I knew I wasn’t crazy referring to Sarah Palin the other day as Marge Gunderson. When pundits have remarked that Palin sounds like “one of us,” I’ve thought that this is particularly true for those of us from Minnesota – regardless of whether we agree with her on policy. I’m talking about the way she talks.
Here’s a news flash for you: Chicagoans have their dese, dems and dose, we have our betchas and darn tootins. I have friends and relatives who speak this way, and it always cracks me up. For some reason I guess I was largely immune.
So the notion some of my friends have that Palin’s folksy vernacular is a put-on escapes me. If they really think she’s such a dummy – and most of them do – than how would she be brilliant enough to channel Meryl Streep on the national stage without missing a beat?
In the New York Times on Saturday, Harvard psychology professor Steven Pinker explains it all.
“The second myth about Ms. Palin is that her accent is contrived, or that it reveals laziness or ignorance on her part,” Pinker wrote. “Certainly, Ms. Palin cranked the folksiness dial to 11 during the debate; she dropped more g’s, reverted to ‘nucular’ after being teleprompted during the Republican National Convention to pronounce it ‘new-clear,’ and she salted her speech with cutesy near profanities like ‘darn,’ ‘heck’ and ‘doggone.’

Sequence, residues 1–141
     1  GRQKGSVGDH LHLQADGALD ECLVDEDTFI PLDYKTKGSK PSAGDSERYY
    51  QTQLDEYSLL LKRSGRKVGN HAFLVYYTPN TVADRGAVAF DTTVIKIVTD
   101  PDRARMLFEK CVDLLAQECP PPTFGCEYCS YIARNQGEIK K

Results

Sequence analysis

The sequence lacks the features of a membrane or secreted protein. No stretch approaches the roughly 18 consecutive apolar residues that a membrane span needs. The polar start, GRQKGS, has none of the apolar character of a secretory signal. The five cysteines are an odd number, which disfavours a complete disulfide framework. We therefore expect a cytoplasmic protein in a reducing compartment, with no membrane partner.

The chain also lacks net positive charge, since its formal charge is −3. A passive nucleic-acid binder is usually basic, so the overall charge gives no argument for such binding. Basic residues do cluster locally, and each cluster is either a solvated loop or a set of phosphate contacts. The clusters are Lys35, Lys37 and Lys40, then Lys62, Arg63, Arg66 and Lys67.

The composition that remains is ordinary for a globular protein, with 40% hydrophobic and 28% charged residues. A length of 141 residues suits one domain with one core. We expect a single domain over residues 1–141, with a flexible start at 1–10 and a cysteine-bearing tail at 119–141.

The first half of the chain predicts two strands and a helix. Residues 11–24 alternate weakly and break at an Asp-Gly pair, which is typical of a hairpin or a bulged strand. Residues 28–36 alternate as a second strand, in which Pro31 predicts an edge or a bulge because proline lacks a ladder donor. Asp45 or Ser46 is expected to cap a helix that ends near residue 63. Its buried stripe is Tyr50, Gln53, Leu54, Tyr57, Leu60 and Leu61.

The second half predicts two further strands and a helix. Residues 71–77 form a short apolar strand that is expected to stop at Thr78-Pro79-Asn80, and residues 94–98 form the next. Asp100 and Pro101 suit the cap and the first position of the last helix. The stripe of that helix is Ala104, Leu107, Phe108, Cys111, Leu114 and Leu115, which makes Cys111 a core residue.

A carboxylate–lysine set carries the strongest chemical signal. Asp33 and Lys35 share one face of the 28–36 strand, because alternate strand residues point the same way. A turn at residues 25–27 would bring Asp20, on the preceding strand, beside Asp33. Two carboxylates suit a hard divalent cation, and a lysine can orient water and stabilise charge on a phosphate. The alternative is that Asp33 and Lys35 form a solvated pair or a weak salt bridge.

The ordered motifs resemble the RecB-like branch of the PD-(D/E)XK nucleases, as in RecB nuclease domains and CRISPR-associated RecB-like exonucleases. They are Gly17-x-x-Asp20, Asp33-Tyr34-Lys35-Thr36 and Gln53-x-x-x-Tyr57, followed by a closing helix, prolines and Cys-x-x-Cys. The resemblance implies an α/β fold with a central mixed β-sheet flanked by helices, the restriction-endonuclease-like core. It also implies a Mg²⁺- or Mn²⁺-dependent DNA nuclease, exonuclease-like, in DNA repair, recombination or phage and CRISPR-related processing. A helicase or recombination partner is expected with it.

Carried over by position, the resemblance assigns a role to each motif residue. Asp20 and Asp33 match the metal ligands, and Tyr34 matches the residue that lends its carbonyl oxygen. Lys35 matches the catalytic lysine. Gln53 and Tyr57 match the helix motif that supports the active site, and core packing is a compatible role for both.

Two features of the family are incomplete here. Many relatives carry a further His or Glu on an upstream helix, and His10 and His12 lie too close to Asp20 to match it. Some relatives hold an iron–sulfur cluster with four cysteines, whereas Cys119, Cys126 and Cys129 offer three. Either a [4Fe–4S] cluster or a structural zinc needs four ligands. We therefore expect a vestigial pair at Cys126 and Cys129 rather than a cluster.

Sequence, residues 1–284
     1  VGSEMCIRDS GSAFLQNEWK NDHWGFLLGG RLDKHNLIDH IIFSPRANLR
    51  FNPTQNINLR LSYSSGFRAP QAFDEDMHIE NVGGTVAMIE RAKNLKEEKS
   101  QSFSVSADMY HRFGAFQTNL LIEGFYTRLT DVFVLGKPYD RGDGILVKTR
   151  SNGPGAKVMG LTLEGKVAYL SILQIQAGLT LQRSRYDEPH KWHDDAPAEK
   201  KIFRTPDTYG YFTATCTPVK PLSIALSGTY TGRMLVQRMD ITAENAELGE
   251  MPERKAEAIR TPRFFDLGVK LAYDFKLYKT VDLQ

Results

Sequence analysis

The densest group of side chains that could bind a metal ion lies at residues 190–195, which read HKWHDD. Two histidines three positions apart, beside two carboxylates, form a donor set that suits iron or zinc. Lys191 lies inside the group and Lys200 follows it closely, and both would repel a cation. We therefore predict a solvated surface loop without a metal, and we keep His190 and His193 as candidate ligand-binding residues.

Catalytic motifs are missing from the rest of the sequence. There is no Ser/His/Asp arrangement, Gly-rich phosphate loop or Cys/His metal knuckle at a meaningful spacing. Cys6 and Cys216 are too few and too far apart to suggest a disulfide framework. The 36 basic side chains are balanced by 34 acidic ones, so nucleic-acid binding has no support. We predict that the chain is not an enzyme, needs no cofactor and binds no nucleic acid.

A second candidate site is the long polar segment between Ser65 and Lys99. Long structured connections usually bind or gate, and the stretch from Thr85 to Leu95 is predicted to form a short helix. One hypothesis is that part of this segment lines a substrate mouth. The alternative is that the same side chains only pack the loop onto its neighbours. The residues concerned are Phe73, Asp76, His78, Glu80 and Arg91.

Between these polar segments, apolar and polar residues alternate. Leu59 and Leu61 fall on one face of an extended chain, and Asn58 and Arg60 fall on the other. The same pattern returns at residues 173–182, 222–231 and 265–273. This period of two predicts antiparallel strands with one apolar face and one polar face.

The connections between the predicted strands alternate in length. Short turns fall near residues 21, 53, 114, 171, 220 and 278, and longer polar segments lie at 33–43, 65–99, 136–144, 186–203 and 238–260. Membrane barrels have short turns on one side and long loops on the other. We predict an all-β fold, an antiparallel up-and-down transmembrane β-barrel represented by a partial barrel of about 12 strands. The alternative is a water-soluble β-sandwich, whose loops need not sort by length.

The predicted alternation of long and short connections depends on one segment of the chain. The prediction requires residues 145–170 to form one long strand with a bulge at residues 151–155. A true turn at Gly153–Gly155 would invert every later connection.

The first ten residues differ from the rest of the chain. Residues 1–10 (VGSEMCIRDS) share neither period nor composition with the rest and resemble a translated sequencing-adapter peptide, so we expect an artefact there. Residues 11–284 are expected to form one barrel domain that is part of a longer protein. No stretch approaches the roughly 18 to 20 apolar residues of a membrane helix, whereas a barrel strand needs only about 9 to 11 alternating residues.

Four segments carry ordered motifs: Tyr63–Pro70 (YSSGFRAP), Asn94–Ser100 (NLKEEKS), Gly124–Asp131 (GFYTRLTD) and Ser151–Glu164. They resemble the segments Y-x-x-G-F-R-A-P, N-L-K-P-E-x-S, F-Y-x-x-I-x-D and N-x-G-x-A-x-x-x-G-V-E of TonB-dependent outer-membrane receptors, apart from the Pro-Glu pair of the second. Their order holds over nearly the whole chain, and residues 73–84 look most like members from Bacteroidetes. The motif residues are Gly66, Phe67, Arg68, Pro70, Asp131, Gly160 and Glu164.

“But it would be unfair to question the authenticity of her accent or to use it as a measure of her intellect or sophistication. The dialect is certainly for real. Listeners who hear the Minnewegian sounds of the characters from Fargo when the listen to Ms. Palin are on to something: the Matanuska-Susitna Valley in Alaska, where she grew up, was settled by farmers from Minnesota during the Depression.”
Pinker also explains why pronouncing nuclear “nucular” “is not a sign of ignorance.” (Paging Eric Zorn and Maureen Dowd!) The problem with elitists is that they always assume they are the elite – even when their ignorance is showing.